Memories sometimes come like a soothing mist upon the soul. Other times they sweep you up and carry you to another time and place. And then there are moments when memories swamp and sink into the forefront of your mind so that you can't do anything else without reveling in the bayou. You can't help but tell their stories.
I find myself absolutely swamped this weekend with Peacehaven.
Maybe it has been the hints of spring teasing at my senses or the trove of pictures I discovered on my iPhone. Maybe these stories just need to be told.
I've got to tell them in any case. Chapters from "The Peacehaven Chronicles" will be coming at ya periodically until the bayou in my brain says otherwise.
Peacehaven Community Farm is a special community just off I-40 between Greensboro and Burlington, NC.
Here is how they describe themselves:
"Peacehaven is a sustainable farm and affordable housing community for adults with intellectual and developmental disabilities. We are not a place of worship, but a space which embraces and cherishes difference. We welcome people of all gifts, abilities, beliefs, backgrounds, and identities and consider all people crucial in our work of manifesting a more inclusive way of life. It is our sincere hope that all will feel safe, supported and respected here."
They have a beautiful farm and a house that holds four Core Members (CMs) and four Resident Assistants. CMs are full-time Peacehaven dwellers. RAs volunteer to accompany, lead, and learn from the community for two-year terms. They all make life there together, and it is beautiful, messy, and Real.
I got to be their chaplain this past summer. They changed my life.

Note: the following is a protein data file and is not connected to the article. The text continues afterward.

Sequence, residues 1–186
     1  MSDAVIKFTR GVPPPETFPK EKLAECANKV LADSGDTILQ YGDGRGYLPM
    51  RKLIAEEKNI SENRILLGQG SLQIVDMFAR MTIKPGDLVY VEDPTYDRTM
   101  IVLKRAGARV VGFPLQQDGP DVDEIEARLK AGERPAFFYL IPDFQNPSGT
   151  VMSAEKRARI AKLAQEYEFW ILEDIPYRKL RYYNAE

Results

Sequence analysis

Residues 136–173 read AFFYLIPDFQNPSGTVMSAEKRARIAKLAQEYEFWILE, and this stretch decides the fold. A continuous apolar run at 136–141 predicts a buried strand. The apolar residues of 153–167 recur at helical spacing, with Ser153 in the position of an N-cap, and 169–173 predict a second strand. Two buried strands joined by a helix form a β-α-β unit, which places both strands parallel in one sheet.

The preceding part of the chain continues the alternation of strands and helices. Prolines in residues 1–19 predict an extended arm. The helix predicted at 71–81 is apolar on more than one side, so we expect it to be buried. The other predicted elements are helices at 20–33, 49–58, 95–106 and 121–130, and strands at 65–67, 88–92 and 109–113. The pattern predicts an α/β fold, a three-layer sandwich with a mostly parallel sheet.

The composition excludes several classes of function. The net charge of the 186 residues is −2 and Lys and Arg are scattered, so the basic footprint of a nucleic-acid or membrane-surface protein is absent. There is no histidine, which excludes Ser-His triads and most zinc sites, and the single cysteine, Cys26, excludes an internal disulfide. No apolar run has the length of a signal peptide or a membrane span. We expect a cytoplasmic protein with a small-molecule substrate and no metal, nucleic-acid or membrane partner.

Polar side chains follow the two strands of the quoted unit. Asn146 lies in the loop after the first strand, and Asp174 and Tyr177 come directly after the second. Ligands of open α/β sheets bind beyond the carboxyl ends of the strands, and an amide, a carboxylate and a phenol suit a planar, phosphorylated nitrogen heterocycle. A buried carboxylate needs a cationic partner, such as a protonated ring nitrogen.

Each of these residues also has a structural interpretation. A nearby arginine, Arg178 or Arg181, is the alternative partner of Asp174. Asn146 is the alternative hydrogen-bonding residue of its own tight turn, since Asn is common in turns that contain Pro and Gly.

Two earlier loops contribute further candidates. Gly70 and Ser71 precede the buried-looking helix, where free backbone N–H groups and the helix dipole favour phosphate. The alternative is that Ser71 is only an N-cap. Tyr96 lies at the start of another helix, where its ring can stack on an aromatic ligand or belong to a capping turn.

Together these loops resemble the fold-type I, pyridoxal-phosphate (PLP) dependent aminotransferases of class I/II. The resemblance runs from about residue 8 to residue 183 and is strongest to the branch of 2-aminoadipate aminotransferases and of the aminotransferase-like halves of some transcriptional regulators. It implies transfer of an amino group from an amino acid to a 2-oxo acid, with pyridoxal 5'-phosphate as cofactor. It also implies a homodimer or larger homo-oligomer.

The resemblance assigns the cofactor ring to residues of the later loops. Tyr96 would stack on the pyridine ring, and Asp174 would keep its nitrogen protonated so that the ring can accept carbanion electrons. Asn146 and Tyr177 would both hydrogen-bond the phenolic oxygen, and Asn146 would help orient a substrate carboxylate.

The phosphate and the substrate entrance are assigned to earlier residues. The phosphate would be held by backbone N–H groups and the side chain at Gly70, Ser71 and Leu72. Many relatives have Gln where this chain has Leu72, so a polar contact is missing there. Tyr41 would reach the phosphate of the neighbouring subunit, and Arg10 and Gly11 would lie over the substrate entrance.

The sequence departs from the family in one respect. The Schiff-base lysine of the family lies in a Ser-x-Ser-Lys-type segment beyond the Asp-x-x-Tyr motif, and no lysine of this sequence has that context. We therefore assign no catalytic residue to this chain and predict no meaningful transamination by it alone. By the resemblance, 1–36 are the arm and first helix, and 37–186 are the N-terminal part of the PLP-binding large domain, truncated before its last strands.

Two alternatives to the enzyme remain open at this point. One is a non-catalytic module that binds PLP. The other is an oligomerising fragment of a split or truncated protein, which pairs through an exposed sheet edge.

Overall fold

A Peacehaven Chronicle
- chapter 1 -
As soon as I pulled into the Peacehaven driveway on my first official day as the summer chaplain I realized that I had left my packed lunch at home. I have hypoglycemic anemia, so forgetting my lunch is no small matter. Furthermore, I was anxious about forgetting anything around my new “coworkers,” or having to ask for a lunch break off the farm.
I remember that the house rhythm was unusually quiet that morning. Sometime around 11:30 a.m. I heard Molly, one of our Core Members, humming to herself in the kitchen as she pulled out an enormous cooking pot and two boxes of Annie’s Shells & Cheese.
My first instinct was to go help her. To be completely honest, I wanted to make sure the kitchen items she was using were clean enough for cooking. How prejudiced I can be! How nervous and mistrusting! The Spirit might as well have caught me by the elbow, because just as soon as I had decided to get up and take over Molly’s culinary mission, I was pulled back down into my seat.
From my perch in the den I took in Molly’s confident posture and the sure way in which she ran water into the cookpot and fired up the stovetop. She was completely in her element. She was happy. Eventually I did walk into the kitchen, but it was not to judge her, check up on her, or even to help her. I walked in to simply be with her.
Molly clucked at me, smiled proudly as she showed me her work. “Looks yummy!” I said.
“Ya want some? Mac-n-cheese? I got enough to share.”
Molly met my need.
This was the moment in which my place in this community became real.
I moved from being one who serves to one who lives with, one who accompanies.
Community means being willing to put the needs of others before one’s own, of course. It also means being willing to admit your need for the other and to receive her help.
Or a warm bowl of mac-n-cheese.